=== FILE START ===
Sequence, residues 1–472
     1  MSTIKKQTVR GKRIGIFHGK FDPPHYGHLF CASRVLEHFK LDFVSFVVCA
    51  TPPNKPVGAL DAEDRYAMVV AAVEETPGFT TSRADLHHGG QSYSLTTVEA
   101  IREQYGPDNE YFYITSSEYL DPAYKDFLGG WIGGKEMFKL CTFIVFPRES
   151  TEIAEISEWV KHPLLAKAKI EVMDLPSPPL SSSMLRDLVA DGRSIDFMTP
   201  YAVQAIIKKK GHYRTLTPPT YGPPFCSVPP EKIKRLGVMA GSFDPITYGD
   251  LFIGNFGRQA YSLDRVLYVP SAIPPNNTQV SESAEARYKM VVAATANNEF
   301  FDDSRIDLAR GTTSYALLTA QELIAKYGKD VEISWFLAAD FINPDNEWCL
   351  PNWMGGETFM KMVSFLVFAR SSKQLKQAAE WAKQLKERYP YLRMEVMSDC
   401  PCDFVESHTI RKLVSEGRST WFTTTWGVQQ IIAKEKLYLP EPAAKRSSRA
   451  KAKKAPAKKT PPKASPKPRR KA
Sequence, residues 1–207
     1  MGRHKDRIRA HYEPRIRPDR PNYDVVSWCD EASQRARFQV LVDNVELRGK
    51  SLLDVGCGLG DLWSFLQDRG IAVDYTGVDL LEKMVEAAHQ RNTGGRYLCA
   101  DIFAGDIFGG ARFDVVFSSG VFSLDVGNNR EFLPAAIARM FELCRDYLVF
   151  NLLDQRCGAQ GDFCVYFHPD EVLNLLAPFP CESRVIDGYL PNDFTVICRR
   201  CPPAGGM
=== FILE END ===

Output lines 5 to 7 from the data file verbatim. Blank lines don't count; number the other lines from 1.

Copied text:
   151  TEIAEISEWV KHPLLAKAKI EVMDLPSPPL SSSMLRDLVA DGRSIDFMTP
   201  YAVQAIIKKK GHYRTLTPPT YGPPFCSVPP EKIKRLGVMA GSFDPITYGD
   251  LFIGNFGRQA YSLDRVLYVP SAIPPNNTQV SESAEARYKM VVAATANNEF